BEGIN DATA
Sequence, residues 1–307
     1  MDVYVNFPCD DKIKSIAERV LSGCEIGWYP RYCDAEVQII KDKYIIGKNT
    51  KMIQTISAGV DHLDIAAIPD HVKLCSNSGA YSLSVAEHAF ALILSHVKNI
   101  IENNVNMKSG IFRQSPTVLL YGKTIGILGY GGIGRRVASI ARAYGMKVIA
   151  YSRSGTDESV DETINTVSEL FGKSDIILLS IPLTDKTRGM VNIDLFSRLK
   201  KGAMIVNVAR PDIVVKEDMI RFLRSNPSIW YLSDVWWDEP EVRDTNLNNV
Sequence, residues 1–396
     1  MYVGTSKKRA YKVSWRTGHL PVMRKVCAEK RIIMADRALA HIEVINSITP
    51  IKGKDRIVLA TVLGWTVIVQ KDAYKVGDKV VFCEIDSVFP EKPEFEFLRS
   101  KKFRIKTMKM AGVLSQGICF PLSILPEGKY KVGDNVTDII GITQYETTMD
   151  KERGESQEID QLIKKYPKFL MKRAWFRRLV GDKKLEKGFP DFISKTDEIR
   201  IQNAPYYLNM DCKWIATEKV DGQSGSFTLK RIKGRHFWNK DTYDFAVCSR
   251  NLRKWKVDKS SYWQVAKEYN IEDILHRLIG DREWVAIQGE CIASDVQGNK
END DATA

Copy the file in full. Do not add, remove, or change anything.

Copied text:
Sequence, residues 1–307
     1  MDVYVNFPCD DKIKSIAERV LSGCEIGWYP RYCDAEVQII KDKYIIGKNT
    51  KMIQTISAGV DHLDIAAIPD HVKLCSNSGA YSLSVAEHAF ALILSHVKNI
   101  IENNVNMKSG IFRQSPTVLL YGKTIGILGY GGIGRRVASI ARAYGMKVIA
   151  YSRSGTDESV DETINTVSEL FGKSDIILLS IPLTDKTRGM VNIDLFSRLK
   201  KGAMIVNVAR PDIVVKEDMI RFLRSNPSIW YLSDVWWDEP EVRDTNLNNV
Sequence, residues 1–396
     1  MYVGTSKKRA YKVSWRTGHL PVMRKVCAEK RIIMADRALA HIEVINSITP
    51  IKGKDRIVLA TVLGWTVIVQ KDAYKVGDKV VFCEIDSVFP EKPEFEFLRS
   101  KKFRIKTMKM AGVLSQGICF PLSILPEGKY KVGDNVTDII GITQYETTMD
   151  KERGESQEID QLIKKYPKFL MKRAWFRRLV GDKKLEKGFP DFISKTDEIR
   201  IQNAPYYLNM DCKWIATEKV DGQSGSFTLK RIKGRHFWNK DTYDFAVCSR
   251  NLRKWKVDKS SYWQVAKEYN IEDILHRLIG DREWVAIQGE CIASDVQGNK